For part of an afternoon back in 1989, I belonged to the inner circle of Donald Trump.

Editors’ Note: Author Samuel Abt was a long-time sports journalist and columnist for the New York Times and the International Herald Tribune. He covered the Tour de France and other professional cycling events for more than 30 years. A resident of the Paris area, Abt retired several years ago. Below, he recounts an encounter he had with Donald Trump at the inaugural Tour de Trump bicycle race. 

For part of an afternoon back in 1989, I belonged to the inner circle of Donald Trump.

The reason was an erroneous remark I made before the start of the inaugural Tour de Trump, the 10-stage, 837-mile race on the East Coast, which he was bankrolling for $750,000. Years later, the Tour de Trump became the Tour du Pont, but back in 1989, it was still named for its founder.

Bicycle races, I noted in a report from the start in Albany, New York, usually were named for the territory they traversed, not for the real estate mogul behind them. What matter?

“When [the name] was initially stated, I practically fell out of my seat,” Trump said. “I said, ‘Are you kidding? I will get killed in the media if I use that name. You absolutely have to be kidding.’”

However, according to Billy Packer, an impresario of the race with Mike Plant, Trump changed his mind within 20 seconds, (Packer initially planned to call it the Tour de Jersey before coming to his senses.)

So Tour de Trump it was and its namesake was thinking big.

“It can go longer, it can go further,” he said in an interview with me. “It can start in New York and go out to San Francisco, throughout the country. I really feel that when I attach my name to something, I have to make that something successful. My name is probably my greatest asset and I have some nice assets.”

We were talking in Albany because I had remarked incautiously to somebody that the Tour de Trump peloton would be surrounded by many more cars than even the Tour de France provided. That somebody reported my remark to somebody and eventually, Trump heard about it. Cars are expensive to rent and run, he said, and his secretary called me to arrange a talk with the boss about how many cars protected the Tour de France.

By that time, I had remembered that the Tour de France had thousands of gendarmes blocking every side road into its riders’ path and the Tour de Trump had only its envelope of accompanying cars. I corrected myself to Trump, who was gracious, even a touch humble.

“I have a tendency to overdo sometimes,” he admitted. “We have a bigger production staff than a lot of people would have. I’d rather have too many cars and good circulation than not enough where things don’t work out.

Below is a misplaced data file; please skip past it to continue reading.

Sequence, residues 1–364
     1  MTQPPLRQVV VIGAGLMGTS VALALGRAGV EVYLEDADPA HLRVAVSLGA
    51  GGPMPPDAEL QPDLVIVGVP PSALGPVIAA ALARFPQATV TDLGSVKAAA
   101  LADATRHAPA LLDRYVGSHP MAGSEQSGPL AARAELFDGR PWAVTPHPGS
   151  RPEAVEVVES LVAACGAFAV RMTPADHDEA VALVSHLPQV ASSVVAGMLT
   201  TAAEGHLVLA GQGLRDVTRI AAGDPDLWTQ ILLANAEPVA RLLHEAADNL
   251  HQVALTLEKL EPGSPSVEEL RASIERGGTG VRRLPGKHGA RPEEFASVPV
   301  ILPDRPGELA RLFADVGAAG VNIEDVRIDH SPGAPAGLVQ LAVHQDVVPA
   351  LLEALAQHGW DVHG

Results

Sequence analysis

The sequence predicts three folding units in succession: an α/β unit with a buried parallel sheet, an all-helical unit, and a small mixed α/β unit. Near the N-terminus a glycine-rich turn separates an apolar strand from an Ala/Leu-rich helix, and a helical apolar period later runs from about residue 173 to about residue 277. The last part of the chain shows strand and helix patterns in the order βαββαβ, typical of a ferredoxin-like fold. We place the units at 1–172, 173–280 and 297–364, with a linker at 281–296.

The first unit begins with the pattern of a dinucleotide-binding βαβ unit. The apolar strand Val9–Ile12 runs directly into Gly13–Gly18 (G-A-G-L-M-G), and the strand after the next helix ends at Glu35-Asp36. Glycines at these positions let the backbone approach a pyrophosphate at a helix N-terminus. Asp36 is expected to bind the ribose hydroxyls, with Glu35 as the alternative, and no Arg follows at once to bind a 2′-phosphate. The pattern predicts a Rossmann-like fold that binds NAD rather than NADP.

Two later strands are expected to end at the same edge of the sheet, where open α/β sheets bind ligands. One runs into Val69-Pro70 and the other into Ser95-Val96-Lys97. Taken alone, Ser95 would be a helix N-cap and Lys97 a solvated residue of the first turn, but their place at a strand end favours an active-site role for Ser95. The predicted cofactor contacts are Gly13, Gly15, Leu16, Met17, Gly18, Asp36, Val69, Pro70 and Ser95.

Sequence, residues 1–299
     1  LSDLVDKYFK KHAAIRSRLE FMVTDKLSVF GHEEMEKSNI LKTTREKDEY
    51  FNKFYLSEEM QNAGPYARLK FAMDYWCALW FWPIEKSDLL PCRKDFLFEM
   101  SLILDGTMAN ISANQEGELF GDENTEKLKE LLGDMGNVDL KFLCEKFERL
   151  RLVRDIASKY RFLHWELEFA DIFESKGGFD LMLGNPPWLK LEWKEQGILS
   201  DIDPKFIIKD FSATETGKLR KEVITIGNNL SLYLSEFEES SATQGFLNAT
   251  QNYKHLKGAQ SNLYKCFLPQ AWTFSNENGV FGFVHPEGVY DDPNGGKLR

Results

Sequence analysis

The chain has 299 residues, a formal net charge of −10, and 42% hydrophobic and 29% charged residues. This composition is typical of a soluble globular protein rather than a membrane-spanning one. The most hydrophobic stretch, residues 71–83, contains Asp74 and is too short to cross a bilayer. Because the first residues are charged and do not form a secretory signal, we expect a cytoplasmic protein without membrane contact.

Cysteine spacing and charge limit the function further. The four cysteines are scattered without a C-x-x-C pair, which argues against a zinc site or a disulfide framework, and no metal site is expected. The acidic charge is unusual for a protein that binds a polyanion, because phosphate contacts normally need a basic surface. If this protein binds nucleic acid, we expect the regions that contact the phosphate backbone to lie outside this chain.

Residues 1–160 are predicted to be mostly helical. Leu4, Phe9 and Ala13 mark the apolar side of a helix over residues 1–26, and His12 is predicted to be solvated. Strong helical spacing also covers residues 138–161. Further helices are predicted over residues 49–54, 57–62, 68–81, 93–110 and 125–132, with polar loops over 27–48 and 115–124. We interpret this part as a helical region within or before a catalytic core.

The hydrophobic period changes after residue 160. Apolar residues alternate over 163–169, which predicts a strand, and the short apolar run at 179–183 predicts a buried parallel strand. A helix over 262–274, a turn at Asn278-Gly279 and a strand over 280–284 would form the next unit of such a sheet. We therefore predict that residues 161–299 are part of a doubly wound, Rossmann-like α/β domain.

“I’m not guided totally by the dollar, despite what a lot of people would think. I really am guided more by what I think is good, what can happen. And I think, ultimately, that’s one of the reasons I have become successful: the fact that I don’t necessarily just go by the pure bottom line.”

Standing outside his limousine during part of the opening ceremonies and later at a whirlwind series of meetings with state legislators, I interviewed him for a couple of hours. Then he was off to his helicopter to return to Manhattan and I was out of his inner circle. We did not connect the next year, his last before the race became the Tour DuPont.

But I saw Trump again in person in 1989, and only ever since on television, on the stage into Baltimore, where I lived for many years. Knowing that sullen city and its high unemployment rate well, I was curious how Trump would be received when he arrived at the Inner Harbor with his yacht. Not his yacht exactly — it belonged to a Middle East influence peddler and had been leased to Trump, who, of course, attached his name to it.

The Trump Princess, I think it was called, and it was huge by that era’s standards. The stage organizers had reportedly insisted he bring it to town as a touch of class.

So there it sat at dockside as guests trooped aboard for a cocktail party. Watching it all was a large crowd of men in undershirts, whom I took to be former workers at the immense Bethlehem Steel plant, now mostly closed. What would they think of Trump?

They loved him! Not for Baltimore to repeat the protests in New Paltz, New York, where signs of “Die Yuppy Scum” flourished. In Baltimore, the men in their undershirts loved him! Adored him! Hung on his every word!

In short, the crowd connected with Trump and his glamour.

He arrived to their cheers and applause, waved indulgently and strolled up the gangplank. The crowd stayed around all afternoon, ignoring the race stage to gawk at the yacht and cheer again whenever Trump appeared on deck.

It was stunning. If he ever goes into politics, I often said afterward, he’ll be a tremendous success.

Few believed me. The real estate guy? they scoffed. The casino guy?

Nobody called him the bicycle race guy.